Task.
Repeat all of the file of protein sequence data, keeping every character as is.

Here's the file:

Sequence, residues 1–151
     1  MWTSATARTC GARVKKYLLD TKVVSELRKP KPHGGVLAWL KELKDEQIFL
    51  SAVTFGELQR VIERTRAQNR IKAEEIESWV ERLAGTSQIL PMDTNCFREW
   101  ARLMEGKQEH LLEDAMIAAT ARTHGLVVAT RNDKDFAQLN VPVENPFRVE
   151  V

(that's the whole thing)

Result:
Sequence, residues 1–151
     1  MWTSATARTC GARVKKYLLD TKVVSELRKP KPHGGVLAWL KELKDEQIFL
    51  SAVTFGELQR VIERTRAQNR IKAEEIESWV ERLAGTSQIL PMDTNCFREW
   101  ARLMEGKQEH LLEDAMIAAT ARTHGLVVAT RNDKDFAQLN VPVENPFRVE
   151  V